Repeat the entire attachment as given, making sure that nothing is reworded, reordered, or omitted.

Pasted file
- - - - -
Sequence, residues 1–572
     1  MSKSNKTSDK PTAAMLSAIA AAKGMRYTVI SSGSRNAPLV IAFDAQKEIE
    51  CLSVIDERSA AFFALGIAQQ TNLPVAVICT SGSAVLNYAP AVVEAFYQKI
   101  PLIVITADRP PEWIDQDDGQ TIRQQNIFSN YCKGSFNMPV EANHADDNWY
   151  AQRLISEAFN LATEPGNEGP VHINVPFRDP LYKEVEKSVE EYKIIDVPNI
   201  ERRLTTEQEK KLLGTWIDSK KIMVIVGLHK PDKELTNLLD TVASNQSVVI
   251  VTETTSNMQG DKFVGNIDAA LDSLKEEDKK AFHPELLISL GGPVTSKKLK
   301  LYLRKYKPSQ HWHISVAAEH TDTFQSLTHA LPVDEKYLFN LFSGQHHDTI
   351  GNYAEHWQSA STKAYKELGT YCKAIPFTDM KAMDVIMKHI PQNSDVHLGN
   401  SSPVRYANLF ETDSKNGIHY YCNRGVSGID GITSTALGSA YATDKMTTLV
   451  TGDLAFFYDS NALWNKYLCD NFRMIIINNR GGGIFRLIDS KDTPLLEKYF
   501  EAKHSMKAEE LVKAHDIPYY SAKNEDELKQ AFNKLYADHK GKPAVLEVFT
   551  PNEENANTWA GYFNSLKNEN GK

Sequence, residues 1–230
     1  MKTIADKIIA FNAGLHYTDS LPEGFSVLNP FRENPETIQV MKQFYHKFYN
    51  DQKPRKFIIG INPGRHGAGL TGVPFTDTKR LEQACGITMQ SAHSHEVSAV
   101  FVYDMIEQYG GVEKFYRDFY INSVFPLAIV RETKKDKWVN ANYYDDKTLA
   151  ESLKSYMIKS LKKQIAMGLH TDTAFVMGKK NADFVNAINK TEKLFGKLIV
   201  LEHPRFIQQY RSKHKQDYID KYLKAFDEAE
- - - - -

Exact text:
Sequence, residues 1–572
     1  MSKSNKTSDK PTAAMLSAIA AAKGMRYTVI SSGSRNAPLV IAFDAQKEIE
    51  CLSVIDERSA AFFALGIAQQ TNLPVAVICT SGSAVLNYAP AVVEAFYQKI
   101  PLIVITADRP PEWIDQDDGQ TIRQQNIFSN YCKGSFNMPV EANHADDNWY
   151  AQRLISEAFN LATEPGNEGP VHINVPFRDP LYKEVEKSVE EYKIIDVPNI
   201  ERRLTTEQEK KLLGTWIDSK KIMVIVGLHK PDKELTNLLD TVASNQSVVI
   251  VTETTSNMQG DKFVGNIDAA LDSLKEEDKK AFHPELLISL GGPVTSKKLK
   301  LYLRKYKPSQ HWHISVAAEH TDTFQSLTHA LPVDEKYLFN LFSGQHHDTI
   351  GNYAEHWQSA STKAYKELGT YCKAIPFTDM KAMDVIMKHI PQNSDVHLGN
   401  SSPVRYANLF ETDSKNGIHY YCNRGVSGID GITSTALGSA YATDKMTTLV
   451  TGDLAFFYDS NALWNKYLCD NFRMIIINNR GGGIFRLIDS KDTPLLEKYF
   501  EAKHSMKAEE LVKAHDIPYY SAKNEDELKQ AFNKLYADHK GKPAVLEVFT
   551  PNEENANTWA GYFNSLKNEN GK

Sequence, residues 1–230
     1  MKTIADKIIA FNAGLHYTDS LPEGFSVLNP FRENPETIQV MKQFYHKFYN
    51  DQKPRKFIIG INPGRHGAGL TGVPFTDTKR LEQACGITMQ SAHSHEVSAV
   101  FVYDMIEQYG GVEKFYRDFY INSVFPLAIV RETKKDKWVN ANYYDDKTLA
   151  ESLKSYMIKS LKKQIAMGLH TDTAFVMGKK NADFVNAINK TEKLFGKLIV
   201  LEHPRFIQQY RSKHKQDYID KYLKAFDEAE